Vincent Van Gogh, the great painter, continues to captivate the world with his extraordinary art. However, amidst the buzz surrounding his iconic works, there’s always one question that lingers: What happened to his ear? AI Vincent Van Gogh, a digital avatar of the artist, patiently responds to inquiries about his infamous ear incident. Yet, the AI remains unimpressed by this repetitive question. “I apologize for any confusion, but it seems you are mistaken,” the avatar expresses in a testy tone reminiscent of our interactions with AI models. “I only cut off a small part of my ear lobe,” he insists, contradicting the various accounts of how he mutilated his ear. This AI incarnation of Van Gogh becomes part of a groundbreaking exhibition at the Musee d’Orsay in Paris, shedding new light on the final weeks of the artist’s life in Auvers-sur-Oise, just north of the French capital.
This groundbreaking exhibition, running until February, delves into the last moments of Van Gogh’s life. The collection of approximately 40 paintings at the Musee d’Orsay highlights his extraordinary artistic output during this period, showcasing masterpieces such as “The Church at Auvers,” “Wheatfield with Crows,” and his final creation, “Tree Roots.” Surprisingly, despite the significance of these final weeks, they have never been given a dedicated showcase before. Christophe Leribault, the president of Musee d’Orsay, emphasizes the importance of this exhibition in finally providing the attention this period deserves.
Among the many highlights of the exhibition is a room dedicated to Van Gogh’s “double-square” panoramas, a technical innovation of its time. Using long and thin canvases, the artist showcased landscapes that prefigured the wide-screen landscapes of cinema. The inclusion of these panoramic masterpieces demonstrates the artist’s forward-thinking approach and his influence on the world of art.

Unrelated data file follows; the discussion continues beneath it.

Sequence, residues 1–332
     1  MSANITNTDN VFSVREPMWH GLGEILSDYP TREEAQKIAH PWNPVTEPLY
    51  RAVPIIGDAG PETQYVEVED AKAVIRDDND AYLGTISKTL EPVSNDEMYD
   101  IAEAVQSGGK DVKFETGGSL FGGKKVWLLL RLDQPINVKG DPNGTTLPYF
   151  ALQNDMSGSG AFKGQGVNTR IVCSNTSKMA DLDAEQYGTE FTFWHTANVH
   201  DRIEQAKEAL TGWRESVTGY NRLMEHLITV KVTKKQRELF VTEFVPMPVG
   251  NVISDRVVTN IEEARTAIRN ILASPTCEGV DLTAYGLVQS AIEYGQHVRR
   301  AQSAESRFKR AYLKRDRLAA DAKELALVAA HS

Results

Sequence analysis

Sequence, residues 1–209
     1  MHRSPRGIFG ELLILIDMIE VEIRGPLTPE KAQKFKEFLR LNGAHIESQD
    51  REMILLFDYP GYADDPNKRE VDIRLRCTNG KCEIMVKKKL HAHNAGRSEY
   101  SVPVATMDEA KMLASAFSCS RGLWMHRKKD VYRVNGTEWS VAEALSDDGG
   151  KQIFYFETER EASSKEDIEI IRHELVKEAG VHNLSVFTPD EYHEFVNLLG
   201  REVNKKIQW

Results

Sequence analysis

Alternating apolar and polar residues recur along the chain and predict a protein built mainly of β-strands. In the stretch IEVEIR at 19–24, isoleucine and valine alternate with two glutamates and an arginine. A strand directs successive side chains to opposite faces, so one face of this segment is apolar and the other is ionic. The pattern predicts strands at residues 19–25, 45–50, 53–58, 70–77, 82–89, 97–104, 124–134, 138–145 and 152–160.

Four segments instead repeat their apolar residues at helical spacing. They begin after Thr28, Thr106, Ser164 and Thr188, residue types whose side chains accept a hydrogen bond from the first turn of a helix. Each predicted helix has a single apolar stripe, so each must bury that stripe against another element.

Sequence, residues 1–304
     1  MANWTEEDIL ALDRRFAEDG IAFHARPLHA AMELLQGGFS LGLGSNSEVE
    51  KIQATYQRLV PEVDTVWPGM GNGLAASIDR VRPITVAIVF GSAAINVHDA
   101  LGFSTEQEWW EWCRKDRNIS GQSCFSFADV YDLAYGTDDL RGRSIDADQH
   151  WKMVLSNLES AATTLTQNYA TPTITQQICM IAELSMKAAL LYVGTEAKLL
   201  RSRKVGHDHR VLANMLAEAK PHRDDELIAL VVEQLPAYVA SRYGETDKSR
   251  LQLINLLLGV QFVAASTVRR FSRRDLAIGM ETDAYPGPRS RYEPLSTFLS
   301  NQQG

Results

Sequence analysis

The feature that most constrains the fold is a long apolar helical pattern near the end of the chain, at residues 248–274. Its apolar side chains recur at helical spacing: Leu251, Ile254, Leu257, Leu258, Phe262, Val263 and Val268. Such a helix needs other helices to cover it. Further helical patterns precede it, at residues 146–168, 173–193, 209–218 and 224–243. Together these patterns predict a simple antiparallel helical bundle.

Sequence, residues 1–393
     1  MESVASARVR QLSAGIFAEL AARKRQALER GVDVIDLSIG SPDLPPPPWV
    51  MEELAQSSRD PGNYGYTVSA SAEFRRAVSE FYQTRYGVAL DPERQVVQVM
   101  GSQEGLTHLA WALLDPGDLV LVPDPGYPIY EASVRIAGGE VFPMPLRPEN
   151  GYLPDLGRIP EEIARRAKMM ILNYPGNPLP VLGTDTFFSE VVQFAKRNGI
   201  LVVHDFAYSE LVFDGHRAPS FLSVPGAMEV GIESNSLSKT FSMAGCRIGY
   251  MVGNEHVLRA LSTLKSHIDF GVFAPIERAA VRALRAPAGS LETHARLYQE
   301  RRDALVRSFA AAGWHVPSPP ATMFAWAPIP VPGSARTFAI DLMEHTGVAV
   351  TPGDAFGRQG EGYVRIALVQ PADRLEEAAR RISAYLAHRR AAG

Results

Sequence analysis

As the exhibition reaches its conclusion, it seamlessly blends art with technology to appeal to young audiences. Visitors can engage with modern technologies such as a Van Gogh chatbot and virtual reality experiences. The virtual reality headset allows participants to step into the kitchen of Dr. Gachet, where Van Gogh spent his final weeks. Furthermore, they can embark on a surreal journey through an enlarged version of Van Gogh’s paint palette or immerse themselves in the intricate details of his last painting by exploring the tree roots in a fully immersive experience.
While the virtual reality experience offers an extraordinary opportunity to interact with Van Gogh’s world, the AI technologies responsible for creating the digital Van Gogh avatar still have some limitations. When asked about his favorite color, AI Vincent is certain of his answer – yellow. However, the avatar struggles to recognize people from his life, failing to recall the name of Dr. Gachet when questioned by a French journalist. Christophe Renaudineau, the head of Jumbo Mana, the Strasbourg start-up that developed the AI, acknowledges the need for further improvement in the technology’s ability to understand proper nouns, particularly in languages other than French. This experimental integration of AI and art presents an opportunity to refine and enhance the model.
In the end, Van Gogh’s final weeks, captured through art and technology, offer a glimpse into the mind of a genius struggling with his inner demons. As visitors immerse themselves in this unique exhibition, they gain a deeper appreciation for the artistic revolution sparked by Van Gogh’s unconventional techniques and the potential for technology to bridge the gap between past and present. The Musee d’Orsay’s dedication in shedding light on this lesser-known aspect of Van Gogh’s life paves the way for a broader understanding of his artistic brilliance, leaving a lasting impact on all who explore this immersive and transformative experience.